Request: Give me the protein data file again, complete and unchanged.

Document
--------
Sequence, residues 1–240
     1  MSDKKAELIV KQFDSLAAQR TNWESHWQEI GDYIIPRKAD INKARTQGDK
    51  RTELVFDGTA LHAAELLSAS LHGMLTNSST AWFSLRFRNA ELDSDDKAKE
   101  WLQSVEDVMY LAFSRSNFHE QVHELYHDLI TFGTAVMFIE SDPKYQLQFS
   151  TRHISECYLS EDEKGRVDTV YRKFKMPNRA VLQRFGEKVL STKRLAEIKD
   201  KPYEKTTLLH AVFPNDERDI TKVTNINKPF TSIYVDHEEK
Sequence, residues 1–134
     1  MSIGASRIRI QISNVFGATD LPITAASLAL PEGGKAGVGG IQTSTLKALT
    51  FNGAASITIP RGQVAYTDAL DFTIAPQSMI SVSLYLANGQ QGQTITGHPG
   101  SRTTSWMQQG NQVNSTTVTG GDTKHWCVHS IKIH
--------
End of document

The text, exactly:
Sequence, residues 1–240
     1  MSDKKAELIV KQFDSLAAQR TNWESHWQEI GDYIIPRKAD INKARTQGDK
    51  RTELVFDGTA LHAAELLSAS LHGMLTNSST AWFSLRFRNA ELDSDDKAKE
   101  WLQSVEDVMY LAFSRSNFHE QVHELYHDLI TFGTAVMFIE SDPKYQLQFS
   151  TRHISECYLS EDEKGRVDTV YRKFKMPNRA VLQRFGEKVL STKRLAEIKD
   201  KPYEKTTLLH AVFPNDERDI TKVTNINKPF TSIYVDHEEK
Sequence, residues 1–134
     1  MSIGASRIRI QISNVFGATD LPITAASLAL PEGGKAGVGG IQTSTLKALT
    51  FNGAASITIP RGQVAYTDAL DFTIAPQSMI SVSLYLANGQ QGQTITGHPG
   101  SRTTSWMQQG NQVNSTTVTG GDTKHWCVHS IKIH